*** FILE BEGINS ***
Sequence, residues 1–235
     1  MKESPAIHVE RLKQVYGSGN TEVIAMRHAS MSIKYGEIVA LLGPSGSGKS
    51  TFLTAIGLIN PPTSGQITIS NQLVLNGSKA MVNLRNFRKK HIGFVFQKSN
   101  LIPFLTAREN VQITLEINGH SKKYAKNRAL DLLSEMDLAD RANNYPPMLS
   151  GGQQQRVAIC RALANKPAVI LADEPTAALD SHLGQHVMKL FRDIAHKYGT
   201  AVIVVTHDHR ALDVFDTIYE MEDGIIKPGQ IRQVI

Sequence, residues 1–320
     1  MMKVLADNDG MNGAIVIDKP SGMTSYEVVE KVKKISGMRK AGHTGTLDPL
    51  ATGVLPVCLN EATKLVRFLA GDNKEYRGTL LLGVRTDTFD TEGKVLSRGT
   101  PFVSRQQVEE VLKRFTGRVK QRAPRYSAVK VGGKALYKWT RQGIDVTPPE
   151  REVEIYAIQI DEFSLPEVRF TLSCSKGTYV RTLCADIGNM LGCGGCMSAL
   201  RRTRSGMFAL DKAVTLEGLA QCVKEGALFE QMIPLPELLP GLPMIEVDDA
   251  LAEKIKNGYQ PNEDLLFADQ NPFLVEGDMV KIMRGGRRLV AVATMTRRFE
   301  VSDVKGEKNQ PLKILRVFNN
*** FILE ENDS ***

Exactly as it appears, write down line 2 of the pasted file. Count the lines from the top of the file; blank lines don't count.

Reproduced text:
     1  MKESPAIHVE RLKQVYGSGN TEVIAMRHAS MSIKYGEIVA LLGPSGSGKS